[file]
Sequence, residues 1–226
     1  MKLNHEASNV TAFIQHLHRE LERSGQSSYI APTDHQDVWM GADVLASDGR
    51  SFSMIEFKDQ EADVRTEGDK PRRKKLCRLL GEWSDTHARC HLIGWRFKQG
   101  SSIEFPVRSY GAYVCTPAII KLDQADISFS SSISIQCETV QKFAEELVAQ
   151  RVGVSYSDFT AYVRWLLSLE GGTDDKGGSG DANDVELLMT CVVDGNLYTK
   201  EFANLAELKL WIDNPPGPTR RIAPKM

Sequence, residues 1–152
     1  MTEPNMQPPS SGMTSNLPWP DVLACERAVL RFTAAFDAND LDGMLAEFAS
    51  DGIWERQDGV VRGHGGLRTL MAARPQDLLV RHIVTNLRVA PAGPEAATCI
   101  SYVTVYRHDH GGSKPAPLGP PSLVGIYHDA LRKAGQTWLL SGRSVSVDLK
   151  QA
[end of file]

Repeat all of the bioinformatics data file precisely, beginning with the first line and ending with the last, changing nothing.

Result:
Sequence, residues 1–226
     1  MKLNHEASNV TAFIQHLHRE LERSGQSSYI APTDHQDVWM GADVLASDGR
    51  SFSMIEFKDQ EADVRTEGDK PRRKKLCRLL GEWSDTHARC HLIGWRFKQG
   101  SSIEFPVRSY GAYVCTPAII KLDQADISFS SSISIQCETV QKFAEELVAQ
   151  RVGVSYSDFT AYVRWLLSLE GGTDDKGGSG DANDVELLMT CVVDGNLYTK
   201  EFANLAELKL WIDNPPGPTR RIAPKM

Sequence, residues 1–152
     1  MTEPNMQPPS SGMTSNLPWP DVLACERAVL RFTAAFDAND LDGMLAEFAS
    51  DGIWERQDGV VRGHGGLRTL MAARPQDLLV RHIVTNLRVA PAGPEAATCI
   101  SYVTVYRHDH GGSKPAPLGP PSLVGIYHDA LRKAGQTWLL SGRSVSVDLK
   151  QA